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Millikin Panhellenic Council

Panhellenic Progressive Dinner

November 8, 2021

Of Millikin’s many Greek organizations, three of the five sororities on campus – Pi Beta Phi, Alpha Chi Omega, and Delta Delta Delta – make up the Panhellenic Council. These sororities are open to all female-identifying and non-binary students regardless of cultural identity. While formal recruitment won’t begin until the spring semester, the Council is hosting the Panhellenic Progressive Dinner on Monday, November 15th at 5:30pm to preview each sorority, so students interested in Greek life can get a sample of what the recruitment process looks like. I spoke with PHC President Greta Jacobson to get the inside scoop on the benefits of Greek life and more information on the ins and outs of the Panhellenic Progressive Dinner. 

Jacobson said that the dinner is “basically a preview to what formal recruitment looks like in the Spring.” Those who decide to attend will take a brief tour of all three sorority houses, eating one course of the meal at each house, and get a chance to talk to current members of each sorority; there will also be a presentation by the members of the Panhellenic Council about Greek life with the opportunity to ask questions about the recruitment process. Jacobson believes that this dinner is the ideal way to figure out if Greek life is for you; she says, “For some people, this event sparked their interest in Greek life because of the meaningful conversations they were able to have with current members. For others, attending this event helped them realize that Greek life might not be something they are ready to participate in at that time. Both outcomes are totally okay, as everyone is able to learn something new about themselves.”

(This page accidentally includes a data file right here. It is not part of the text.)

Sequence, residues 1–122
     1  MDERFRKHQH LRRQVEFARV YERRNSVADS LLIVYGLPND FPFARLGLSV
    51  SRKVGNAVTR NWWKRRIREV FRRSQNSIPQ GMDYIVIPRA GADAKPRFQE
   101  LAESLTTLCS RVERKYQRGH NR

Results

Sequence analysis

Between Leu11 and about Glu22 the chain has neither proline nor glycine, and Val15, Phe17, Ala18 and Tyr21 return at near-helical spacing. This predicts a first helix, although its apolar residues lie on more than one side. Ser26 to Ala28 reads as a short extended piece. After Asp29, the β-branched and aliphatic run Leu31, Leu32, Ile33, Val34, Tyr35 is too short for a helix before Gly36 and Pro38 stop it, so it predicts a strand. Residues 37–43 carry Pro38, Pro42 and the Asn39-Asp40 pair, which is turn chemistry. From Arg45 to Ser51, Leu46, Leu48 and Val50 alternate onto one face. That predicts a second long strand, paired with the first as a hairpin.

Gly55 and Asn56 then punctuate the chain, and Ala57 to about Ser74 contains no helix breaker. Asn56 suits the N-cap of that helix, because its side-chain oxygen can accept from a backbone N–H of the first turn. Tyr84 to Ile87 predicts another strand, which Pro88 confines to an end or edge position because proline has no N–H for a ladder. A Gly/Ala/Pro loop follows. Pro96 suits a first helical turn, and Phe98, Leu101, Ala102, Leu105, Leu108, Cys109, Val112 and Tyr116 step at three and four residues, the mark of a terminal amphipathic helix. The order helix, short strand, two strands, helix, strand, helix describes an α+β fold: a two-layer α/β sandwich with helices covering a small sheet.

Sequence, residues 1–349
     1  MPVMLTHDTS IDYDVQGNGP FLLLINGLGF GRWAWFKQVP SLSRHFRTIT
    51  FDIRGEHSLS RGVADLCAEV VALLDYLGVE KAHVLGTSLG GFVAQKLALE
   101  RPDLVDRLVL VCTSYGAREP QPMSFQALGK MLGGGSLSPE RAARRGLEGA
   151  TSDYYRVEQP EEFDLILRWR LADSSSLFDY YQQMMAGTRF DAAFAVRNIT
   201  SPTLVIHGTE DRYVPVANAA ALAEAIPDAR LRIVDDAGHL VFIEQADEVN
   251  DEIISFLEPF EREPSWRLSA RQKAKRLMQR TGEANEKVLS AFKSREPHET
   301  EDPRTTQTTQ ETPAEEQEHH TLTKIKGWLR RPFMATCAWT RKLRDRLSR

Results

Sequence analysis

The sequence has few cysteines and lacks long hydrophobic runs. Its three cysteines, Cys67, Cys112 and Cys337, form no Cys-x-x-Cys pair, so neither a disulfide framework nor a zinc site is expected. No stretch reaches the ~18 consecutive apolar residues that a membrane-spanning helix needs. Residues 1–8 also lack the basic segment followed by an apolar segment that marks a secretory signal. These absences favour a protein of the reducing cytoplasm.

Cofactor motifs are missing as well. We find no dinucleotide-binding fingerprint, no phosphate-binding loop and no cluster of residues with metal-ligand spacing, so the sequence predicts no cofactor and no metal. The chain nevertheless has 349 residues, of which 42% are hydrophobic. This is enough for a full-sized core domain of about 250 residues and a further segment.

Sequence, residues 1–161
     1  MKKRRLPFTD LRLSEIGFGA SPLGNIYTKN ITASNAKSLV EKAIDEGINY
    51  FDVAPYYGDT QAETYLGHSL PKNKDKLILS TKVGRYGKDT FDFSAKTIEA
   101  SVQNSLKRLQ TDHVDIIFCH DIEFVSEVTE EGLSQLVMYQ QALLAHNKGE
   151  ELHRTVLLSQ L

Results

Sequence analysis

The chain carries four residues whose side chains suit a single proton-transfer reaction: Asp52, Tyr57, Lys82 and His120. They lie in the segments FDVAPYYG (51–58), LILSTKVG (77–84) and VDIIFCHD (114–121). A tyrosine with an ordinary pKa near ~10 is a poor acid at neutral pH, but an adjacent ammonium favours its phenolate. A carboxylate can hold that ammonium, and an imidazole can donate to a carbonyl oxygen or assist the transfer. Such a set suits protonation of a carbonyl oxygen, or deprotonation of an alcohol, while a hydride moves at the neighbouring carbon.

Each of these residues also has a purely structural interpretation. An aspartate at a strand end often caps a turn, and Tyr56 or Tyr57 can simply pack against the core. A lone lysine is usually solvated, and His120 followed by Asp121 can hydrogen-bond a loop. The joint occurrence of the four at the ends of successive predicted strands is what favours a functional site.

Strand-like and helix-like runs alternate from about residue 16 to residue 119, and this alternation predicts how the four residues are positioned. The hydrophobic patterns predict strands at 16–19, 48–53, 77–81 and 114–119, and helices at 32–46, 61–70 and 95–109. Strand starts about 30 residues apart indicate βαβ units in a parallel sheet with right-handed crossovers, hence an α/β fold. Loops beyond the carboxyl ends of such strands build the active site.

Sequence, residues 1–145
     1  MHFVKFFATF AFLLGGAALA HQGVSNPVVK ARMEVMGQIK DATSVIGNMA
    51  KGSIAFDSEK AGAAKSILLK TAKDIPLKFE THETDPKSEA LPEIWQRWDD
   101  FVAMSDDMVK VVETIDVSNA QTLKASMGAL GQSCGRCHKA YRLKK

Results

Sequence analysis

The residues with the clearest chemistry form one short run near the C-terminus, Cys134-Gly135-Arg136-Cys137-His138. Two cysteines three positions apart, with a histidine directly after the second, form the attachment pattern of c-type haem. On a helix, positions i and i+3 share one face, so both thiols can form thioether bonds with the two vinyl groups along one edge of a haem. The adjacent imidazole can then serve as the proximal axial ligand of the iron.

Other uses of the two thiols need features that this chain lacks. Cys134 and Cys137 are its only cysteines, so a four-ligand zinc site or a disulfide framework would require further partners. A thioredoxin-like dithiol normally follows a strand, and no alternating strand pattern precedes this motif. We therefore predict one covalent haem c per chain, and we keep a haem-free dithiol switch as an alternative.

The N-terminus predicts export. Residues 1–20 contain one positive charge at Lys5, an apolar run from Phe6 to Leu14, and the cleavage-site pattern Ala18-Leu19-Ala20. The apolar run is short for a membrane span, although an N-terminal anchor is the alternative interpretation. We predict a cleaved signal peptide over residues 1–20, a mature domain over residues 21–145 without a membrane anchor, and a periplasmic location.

If you’re feeling unsure about whether you should attend because you don’t want to get locked into joining anything, there’s no need to worry. Jacobson said, “Since this is just a preview of recruitment, there is no commitment to joining an organization or even going through the formal recruitment process at this time.” She also mentioned that it’s worth attending even if you’re still on the fence about the general concept of joining a Greek organization, saying, “the only way to find out if this might be a good fit for you is to try and see what happens.” 

When asked about the benefits of Greek life, Jacobson told me that her favorite aspect is “the opportunity to make core memories with the people I care so much about.” Like many other people who are members of a fraternity or sorority on campus, she mentioned how nice it was to get to know people outside her major and courses. Jacobson emphasized how happy she is to have surrounded herself with the people she’s met in Greek life throughout her time at Millikin. She said, “Greek life has helped me make the most of my Millikin experience, and for that, I’ll always be thankful.”

I’m personally excited to attend the Panhellenic Progressive Dinner. While I never thought I’d be interested in joining a sorority, after arriving on campus and seeing how many people love Greek life and the close friendships they’ve made through it, I’m eager to learn more. Perhaps I’ll see you there!

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